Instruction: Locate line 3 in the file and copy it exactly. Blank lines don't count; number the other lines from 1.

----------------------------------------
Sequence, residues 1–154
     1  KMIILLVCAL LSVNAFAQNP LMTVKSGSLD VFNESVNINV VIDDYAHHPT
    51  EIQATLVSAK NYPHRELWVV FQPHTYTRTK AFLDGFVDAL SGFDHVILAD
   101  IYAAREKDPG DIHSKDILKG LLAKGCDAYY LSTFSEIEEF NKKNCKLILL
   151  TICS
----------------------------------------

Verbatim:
    51  EIQATLVSAK NYPHRELWVV FQPHTYTRTK AFLDGFVDAL SGFDHVILAD